" As Americans, we tend to value being busy. People are often looking for
ways to entertain their cats that they don't have to be involved in," said
Patricia McConnell, a University of Madison-Wisconsin zoology professor and certified
animal behaviorist. "I don't see that as a particularly good thing."
But fancier toys don't always take pet owners out of playtime. Nor is
that necessarily what cat lovers want when they spring for innovative
Consider Mousr, which Petronics claims will be the first artificially
intelligent cat toy when it goes on the market this year. The Kickstarter-funded
robotic mouse is programmed to sense your cat's movements and react accordingly
in a predator-prey dynamic. It'll come equipped with a fully automated
mode — which means you don't have to be there to play with your
cat — but other options are meant to give humans some control over
where and how Mousr darts and hides.
This is meant to optimize a cheap game most cat owners are familiar with.
If you've ever subtly moved a piece of string and then hid it from view
until you cat pounced, you know the low-tech premise behind Mousr well.
"A cat has the game in mind it wants to play," Friedman said. "That
game is, 'I caught sight of the mouse and I don't think he saw me yet, so I'm
going to hide and I'm going to watch.'"
For a lot of cats, the stealthy hunting approach works better than either
humans or machines frantically waving toys around, which they may quickly
adjust to and get bored with. They prefer the chase. But what's most
important is considering your cat's individual needs.
"Sometimes we tend to get toys that we think are fun," said Pamela
Perry, a resident at Cornell University's Hospital for Animals. "We've got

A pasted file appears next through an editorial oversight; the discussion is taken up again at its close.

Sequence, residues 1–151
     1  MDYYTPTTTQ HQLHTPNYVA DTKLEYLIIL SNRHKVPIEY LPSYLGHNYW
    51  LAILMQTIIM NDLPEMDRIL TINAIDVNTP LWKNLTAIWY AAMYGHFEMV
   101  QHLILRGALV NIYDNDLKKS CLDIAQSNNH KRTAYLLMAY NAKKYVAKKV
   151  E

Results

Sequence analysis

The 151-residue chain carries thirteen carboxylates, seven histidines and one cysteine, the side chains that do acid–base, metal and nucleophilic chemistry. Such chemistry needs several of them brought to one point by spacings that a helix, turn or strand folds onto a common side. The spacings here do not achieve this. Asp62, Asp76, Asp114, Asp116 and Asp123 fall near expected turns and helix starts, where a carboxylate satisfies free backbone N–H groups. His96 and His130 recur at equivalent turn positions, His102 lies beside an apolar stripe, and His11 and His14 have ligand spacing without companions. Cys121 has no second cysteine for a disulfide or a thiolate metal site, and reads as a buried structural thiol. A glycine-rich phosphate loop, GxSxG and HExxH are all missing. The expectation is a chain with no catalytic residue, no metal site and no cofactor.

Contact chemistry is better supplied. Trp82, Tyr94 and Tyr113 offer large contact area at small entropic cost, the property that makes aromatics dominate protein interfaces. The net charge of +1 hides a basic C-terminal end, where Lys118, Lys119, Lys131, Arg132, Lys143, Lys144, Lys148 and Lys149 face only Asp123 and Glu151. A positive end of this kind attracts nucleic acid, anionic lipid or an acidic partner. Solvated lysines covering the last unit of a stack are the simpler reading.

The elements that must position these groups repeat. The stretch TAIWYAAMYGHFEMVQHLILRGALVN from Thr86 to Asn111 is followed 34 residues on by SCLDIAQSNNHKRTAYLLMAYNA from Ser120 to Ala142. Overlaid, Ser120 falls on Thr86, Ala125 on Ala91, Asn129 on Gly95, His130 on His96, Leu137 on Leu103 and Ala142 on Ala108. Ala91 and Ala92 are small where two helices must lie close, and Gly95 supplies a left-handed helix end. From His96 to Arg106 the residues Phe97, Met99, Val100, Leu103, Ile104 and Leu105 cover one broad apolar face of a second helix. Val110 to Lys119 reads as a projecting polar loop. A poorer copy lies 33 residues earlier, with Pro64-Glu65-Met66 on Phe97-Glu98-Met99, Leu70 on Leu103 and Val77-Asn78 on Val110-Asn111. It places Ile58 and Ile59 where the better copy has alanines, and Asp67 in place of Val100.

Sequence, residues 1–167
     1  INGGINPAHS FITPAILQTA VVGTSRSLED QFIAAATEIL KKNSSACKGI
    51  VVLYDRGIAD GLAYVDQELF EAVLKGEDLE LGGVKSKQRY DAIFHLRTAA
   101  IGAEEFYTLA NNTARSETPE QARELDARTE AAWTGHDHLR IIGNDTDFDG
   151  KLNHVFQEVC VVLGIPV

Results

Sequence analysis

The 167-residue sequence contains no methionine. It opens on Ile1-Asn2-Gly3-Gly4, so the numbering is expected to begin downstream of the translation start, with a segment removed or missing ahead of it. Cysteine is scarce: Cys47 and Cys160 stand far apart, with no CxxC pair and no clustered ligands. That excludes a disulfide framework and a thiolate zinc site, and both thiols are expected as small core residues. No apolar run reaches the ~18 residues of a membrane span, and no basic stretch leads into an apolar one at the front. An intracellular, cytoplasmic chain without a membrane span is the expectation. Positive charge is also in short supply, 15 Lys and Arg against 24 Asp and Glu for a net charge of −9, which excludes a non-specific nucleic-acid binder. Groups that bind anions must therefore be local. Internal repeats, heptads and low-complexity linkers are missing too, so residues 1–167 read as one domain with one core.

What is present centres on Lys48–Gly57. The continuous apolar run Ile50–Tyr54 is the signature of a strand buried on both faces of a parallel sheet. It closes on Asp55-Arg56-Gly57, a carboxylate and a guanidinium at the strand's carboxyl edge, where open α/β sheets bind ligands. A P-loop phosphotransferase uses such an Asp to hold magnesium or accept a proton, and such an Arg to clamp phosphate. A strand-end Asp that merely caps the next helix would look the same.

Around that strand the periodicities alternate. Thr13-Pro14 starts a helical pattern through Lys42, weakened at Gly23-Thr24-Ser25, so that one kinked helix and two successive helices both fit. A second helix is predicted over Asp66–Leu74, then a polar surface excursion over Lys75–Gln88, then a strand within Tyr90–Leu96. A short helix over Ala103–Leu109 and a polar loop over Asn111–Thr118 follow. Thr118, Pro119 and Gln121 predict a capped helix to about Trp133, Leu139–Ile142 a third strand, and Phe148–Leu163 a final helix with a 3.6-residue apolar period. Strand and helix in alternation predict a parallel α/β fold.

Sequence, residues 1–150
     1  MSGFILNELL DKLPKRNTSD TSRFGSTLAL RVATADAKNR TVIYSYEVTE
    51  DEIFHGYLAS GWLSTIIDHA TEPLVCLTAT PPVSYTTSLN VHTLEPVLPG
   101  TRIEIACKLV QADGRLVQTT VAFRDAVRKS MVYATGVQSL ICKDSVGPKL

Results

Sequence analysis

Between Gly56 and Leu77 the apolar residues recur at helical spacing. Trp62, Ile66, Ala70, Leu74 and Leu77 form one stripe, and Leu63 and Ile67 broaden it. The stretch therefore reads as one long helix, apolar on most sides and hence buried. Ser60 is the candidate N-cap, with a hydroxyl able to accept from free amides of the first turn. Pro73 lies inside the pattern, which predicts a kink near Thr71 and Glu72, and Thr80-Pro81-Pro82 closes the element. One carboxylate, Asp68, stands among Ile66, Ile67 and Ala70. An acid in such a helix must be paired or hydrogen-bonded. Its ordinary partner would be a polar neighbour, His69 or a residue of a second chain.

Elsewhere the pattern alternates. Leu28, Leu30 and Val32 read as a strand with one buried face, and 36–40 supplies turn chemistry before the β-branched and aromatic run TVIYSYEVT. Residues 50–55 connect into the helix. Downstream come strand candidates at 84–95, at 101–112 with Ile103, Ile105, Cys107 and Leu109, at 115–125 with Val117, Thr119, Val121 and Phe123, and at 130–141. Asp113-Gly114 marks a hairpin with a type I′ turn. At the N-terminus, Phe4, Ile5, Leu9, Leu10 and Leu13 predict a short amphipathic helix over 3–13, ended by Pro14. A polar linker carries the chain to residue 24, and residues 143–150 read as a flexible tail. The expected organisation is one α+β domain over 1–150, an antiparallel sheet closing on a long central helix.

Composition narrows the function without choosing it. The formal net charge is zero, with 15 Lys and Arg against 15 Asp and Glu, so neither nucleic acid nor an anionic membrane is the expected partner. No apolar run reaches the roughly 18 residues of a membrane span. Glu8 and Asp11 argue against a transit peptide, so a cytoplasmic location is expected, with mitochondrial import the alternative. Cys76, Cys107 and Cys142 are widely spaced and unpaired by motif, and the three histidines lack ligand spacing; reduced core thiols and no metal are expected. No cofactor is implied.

to remember that we've got to tailor them to the cats' individual needs."
That's the trick for cat owners: figuring out what kinds of play their
pets most enjoy. Maybe it's running and jumping, or maybe it's hiding
and pouncing. Cats also have preferences for different features, like
scratching pads, feathers, and bells. From there, it's about finding
toys — in any price range, and at any level of technological innovation — that
satisfy those needs, rather than trying to push cats toward activities
that aren't as natural or enjoyable.
"A cat can't lie to you," Friedman said. "I can put a toy in front
of a cat and he hates it and I can't be like, 'Well you really should like it,
because we tried really hard to do this.'"
The challenges associated with getting cats engaged aren't unique to
high-tech toys, McConnell said, and there are some basic principles to
keep in mind that can get your cat moving.
Incorporating food as positive reinforcement, observing your cat's natural
behavior, and rotating which toys they have access to all promote increased
Safety concerns are pretty similar across the board, too: Read reviews
of toys and watch how your cat plays with them, Perry said. Identifying
causes for concern — like lasers, choking hazards, and crevices
where paws may get stuck — is a good practice.
Pet owners with cash to spare might find it fun to mess around with fancier
toys once they know what sorts of toys are best for their cats, but there's
nothing wrong with sticking to the basics. Introducing high-tech toys
might be a fun way for owners and cats to shake things up, but it's not
a necessity for enhancing playtime.
"I caution people to not shell out large sums of money for something they
don't know if their cat is going to be interested in," McConnell said, suggesting
that pets probably aren't keeping up on the latest trends meant to entice them,
anyway. "They don't read the chapters on cat behavior. They don't read marketing.
Your friends' cats may adore some new $200 product, but your cat may not."